Teacher retention for schools
The government took an important step this month in publishing its Teacher Recruitment Strategy. This articulates their ambition in meeting the ‘increasingly difficult challenge to recruit and retain staff of the calibre required’.
This is a tough nut to crack, as currently the profession has severe shortages in areas such as maths and the sciences.
This policy has received widespread support by many stakeholders from across teaching unions & representative organisations.
The strategy sets out 4 key barriers to achieving recruitment ambitions, & outlining the steps to overcome them, which I’m sure we can all identify with;
- The wider context in which head teachers operate can create pressure that leads to excessive workload that distracts teachers from teaching.
- Not enough early career teachers receive the high quality support they need to build the foundation for a successful career.
- A career in teaching does not always adapt to the expertise and lives of teachers
- The process to become a teacher is too complicated and burdensome
To meet these challenges, the DfE set out that they will radically simplify the school accountability system, as well as setting out a new Ofsted framework focusing on the need to tackle teacher workload – this is currently being consulted upon, and we’d encourage you to respond if you can.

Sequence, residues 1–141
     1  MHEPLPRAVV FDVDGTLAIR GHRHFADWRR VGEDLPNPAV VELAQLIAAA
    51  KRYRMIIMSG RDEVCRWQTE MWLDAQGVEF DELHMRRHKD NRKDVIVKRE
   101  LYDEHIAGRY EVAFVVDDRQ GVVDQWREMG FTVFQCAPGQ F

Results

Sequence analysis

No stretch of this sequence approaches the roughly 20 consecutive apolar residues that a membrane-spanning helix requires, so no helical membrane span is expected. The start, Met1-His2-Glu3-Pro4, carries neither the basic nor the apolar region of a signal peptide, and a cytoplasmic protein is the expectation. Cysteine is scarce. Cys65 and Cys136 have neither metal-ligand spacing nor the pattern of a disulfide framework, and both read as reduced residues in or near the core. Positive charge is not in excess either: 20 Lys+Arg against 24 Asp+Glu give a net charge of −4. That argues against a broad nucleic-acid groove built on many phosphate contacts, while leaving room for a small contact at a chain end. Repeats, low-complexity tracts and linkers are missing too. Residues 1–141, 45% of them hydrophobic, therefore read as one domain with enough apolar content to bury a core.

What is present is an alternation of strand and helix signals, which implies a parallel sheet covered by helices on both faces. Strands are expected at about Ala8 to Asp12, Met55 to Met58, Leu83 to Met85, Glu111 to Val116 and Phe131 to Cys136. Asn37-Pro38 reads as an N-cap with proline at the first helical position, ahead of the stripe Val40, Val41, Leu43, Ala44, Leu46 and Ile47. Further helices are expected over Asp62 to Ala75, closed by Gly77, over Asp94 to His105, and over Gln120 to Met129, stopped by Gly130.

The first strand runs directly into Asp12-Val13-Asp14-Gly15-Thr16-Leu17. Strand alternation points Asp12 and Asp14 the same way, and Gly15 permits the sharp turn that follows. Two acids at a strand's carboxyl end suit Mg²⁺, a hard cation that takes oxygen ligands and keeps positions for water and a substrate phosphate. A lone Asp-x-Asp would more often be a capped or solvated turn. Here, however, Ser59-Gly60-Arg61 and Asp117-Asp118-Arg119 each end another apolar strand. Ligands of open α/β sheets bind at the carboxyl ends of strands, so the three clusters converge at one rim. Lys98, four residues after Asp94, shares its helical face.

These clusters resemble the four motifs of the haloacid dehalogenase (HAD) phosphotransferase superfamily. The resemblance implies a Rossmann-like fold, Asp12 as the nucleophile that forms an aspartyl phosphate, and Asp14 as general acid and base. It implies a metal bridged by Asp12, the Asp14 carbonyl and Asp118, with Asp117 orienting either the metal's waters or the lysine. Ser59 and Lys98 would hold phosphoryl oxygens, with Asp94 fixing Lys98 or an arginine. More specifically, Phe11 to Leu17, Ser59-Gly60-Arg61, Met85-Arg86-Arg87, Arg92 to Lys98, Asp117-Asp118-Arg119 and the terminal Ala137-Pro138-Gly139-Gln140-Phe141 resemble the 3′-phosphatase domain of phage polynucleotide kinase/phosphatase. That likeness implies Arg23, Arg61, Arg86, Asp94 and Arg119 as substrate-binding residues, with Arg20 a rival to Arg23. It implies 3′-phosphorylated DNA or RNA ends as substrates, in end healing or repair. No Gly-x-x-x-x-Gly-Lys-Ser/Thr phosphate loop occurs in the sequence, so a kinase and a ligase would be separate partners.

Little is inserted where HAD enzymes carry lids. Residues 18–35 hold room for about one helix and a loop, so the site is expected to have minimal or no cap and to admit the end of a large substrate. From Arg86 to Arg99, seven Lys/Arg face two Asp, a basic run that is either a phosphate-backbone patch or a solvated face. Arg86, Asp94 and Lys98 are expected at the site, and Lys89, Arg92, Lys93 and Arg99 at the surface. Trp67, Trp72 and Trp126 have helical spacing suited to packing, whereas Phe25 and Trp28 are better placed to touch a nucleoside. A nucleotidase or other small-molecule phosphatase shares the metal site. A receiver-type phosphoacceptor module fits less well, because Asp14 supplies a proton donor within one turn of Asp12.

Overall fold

Just as welcome is the decision that the DfE will maintain a ‘period stability in curriculum, qualifications and assessment’- I think we can all agree we’ve had more than our fair share of reform over the past few years. This means there will be no additional statutory tests or assessment for primary schools and no further changes to the national curriculum or GCSEs or A-levels.
There is extra money promised too, with an additional £130 million every year to support Early Careers Framework (ECF) delivery in full. This also includes rolling out bursaries across other subject areas - based on the current maths teaching bursary and following its phased, retention payment approach.
DfE is also looking to create specialist National Professional Qualifications (NPQs) to support subject or specialist roles, – assessment, behaviour management, subject and curriculum expertise, and pedagogy as part of a wider structured package to support teachers throughout their careers.
These NPQs flow directly from and extend expertise in the core areas in which teachers will receive training at the start of their career.
The DfE has also set out its ambition to make applying to be a teacher more straightforward and less burdensome. This includes a new application service for ITT, which will be easier to use and designed to better meet the needs of potential trainees; and reviewing the ITT market so that it can work more effectively.
From this strategy, it’s clear that the DfE has listened to the concerns of teaching staff and school leaders, and is keen to tackle this issue head on. We hope that this will help ease the current teacher recruitment and retention crisis, and support and inspire our young people in the longer term.
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